United Airlines shares plan to become ‘100% green’ by 2050
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It’s impossible to operate a global airline in 2020 without negatively impacting the environment. But with United Airlines’ latest sustainability plan, that hopefully won’t be the case forever.
Over the next three decades, United plans to go “100% green” — primarily through the use of a technique called “carbon capture and sequestration,” or CCS, which could prove to be far more impactful than the industry’s current “carbon offset” approach.
Carbon offsets typically provide funding for projects that reduce our carbon footprint through the use of environmentally friendly practices, like building wind farms or planting trees. While those programmes may play a part in United’s overall plan, they won’t move the needle to the extent the airline truly needs.
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Through a series of investments, United will help provide the funding necessary to build CCS plants, which can then capture carbon from industrial sources like power plants — or even directly from the air — and store it underground, so it’s unable to enter the atmosphere.
From there, the carbon could even be used to help extract oil, through a technique called enhanced oil recovery, helping CCS plants turn a profit — and, ultimately, making it possible for United to monetize its investment.
While it might not seem like the ideal time for United to be making new financial commitments — considering the carrier’s steep pandemic-related losses — CEO Scott Kirby says the recent crisis has served to highlight the need to take action.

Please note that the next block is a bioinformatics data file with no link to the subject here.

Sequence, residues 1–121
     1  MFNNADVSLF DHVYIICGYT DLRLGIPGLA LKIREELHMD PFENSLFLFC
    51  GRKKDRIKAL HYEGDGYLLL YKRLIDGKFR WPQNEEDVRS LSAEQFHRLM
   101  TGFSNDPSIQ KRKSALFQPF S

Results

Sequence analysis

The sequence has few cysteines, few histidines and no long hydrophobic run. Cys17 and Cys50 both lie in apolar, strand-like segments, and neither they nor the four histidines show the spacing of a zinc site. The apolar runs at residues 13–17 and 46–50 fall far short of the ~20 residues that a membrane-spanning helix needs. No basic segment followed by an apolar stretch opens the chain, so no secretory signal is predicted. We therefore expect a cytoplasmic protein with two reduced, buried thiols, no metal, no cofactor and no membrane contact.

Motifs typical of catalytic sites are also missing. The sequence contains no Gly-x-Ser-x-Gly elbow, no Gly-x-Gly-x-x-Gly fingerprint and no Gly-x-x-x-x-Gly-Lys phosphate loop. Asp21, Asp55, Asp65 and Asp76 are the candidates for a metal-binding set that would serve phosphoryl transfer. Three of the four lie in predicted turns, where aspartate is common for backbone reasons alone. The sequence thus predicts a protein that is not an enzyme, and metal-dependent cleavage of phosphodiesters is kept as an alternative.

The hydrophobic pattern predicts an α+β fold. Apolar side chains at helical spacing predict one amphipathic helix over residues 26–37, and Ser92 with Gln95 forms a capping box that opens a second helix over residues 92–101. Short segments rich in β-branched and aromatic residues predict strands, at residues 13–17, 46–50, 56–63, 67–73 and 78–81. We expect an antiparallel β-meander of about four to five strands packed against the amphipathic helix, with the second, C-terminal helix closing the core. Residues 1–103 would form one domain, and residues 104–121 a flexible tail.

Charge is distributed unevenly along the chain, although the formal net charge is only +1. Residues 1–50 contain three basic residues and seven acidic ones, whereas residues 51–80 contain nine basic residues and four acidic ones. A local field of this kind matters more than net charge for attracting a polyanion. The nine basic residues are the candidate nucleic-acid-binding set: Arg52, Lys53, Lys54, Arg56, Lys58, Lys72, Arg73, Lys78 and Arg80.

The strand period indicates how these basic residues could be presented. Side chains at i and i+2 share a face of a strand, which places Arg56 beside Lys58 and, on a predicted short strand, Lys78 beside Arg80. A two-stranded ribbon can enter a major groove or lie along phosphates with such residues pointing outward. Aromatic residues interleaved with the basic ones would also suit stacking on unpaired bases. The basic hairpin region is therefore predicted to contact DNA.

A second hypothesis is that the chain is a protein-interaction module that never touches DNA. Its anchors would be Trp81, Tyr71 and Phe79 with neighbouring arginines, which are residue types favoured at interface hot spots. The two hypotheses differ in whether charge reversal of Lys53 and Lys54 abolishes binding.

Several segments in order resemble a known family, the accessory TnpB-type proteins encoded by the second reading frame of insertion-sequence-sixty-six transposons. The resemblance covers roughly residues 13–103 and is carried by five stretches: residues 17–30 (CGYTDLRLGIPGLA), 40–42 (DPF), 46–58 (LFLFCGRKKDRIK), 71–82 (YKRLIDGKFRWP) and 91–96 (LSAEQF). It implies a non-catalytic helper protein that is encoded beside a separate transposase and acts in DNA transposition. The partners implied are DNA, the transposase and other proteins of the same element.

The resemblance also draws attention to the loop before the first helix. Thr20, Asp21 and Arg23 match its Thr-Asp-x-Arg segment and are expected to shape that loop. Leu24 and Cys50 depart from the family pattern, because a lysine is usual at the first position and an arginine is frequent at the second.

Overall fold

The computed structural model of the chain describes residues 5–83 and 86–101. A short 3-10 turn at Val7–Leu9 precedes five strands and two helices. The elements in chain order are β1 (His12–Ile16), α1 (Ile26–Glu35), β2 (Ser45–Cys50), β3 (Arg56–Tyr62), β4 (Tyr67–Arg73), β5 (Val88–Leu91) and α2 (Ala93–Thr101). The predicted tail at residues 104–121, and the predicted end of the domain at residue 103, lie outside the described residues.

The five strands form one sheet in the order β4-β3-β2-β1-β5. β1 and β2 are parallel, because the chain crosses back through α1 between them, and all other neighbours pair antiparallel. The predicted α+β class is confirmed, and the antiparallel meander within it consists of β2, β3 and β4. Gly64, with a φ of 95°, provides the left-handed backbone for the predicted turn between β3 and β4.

“The pandemic has, if anything, emphasized the importance of what we’re doing. While we were planning to invest in this, work on this project before the pandemic, what has become clear during the pandemic, even more starkly, is that we are a part of a global community, and everything that happens everywhere around the globe affects us.”
Kirby has also pledged to continue to invest in alternative fuels, which could help reduce emissions as well, though he acknowledged that electric and hydrogen propulsion aren’t feasible solutions for a long-haul airline like United.
Investing in newer planes won’t have a significant enough impact, either. While long-haul aircraft like the Airbus A350 and Boeing 787 Dreamliner help reduce emissions by employing lighter materials and other design improvements, they still contribute a significant amount of carbon to the environment.
Kirby hopes United’s latest move will get the industry thinking about CCS as a potential solution as well. “It’s easy to think ‘I’m doing my part,’ by using traditional carbon offsets,” Kirby said. “I want to encourage them that that’s not enough, and to do more. And if we all do that, we really can solve this problem.”
Featured photo by Zach Honig/The Points Guy.
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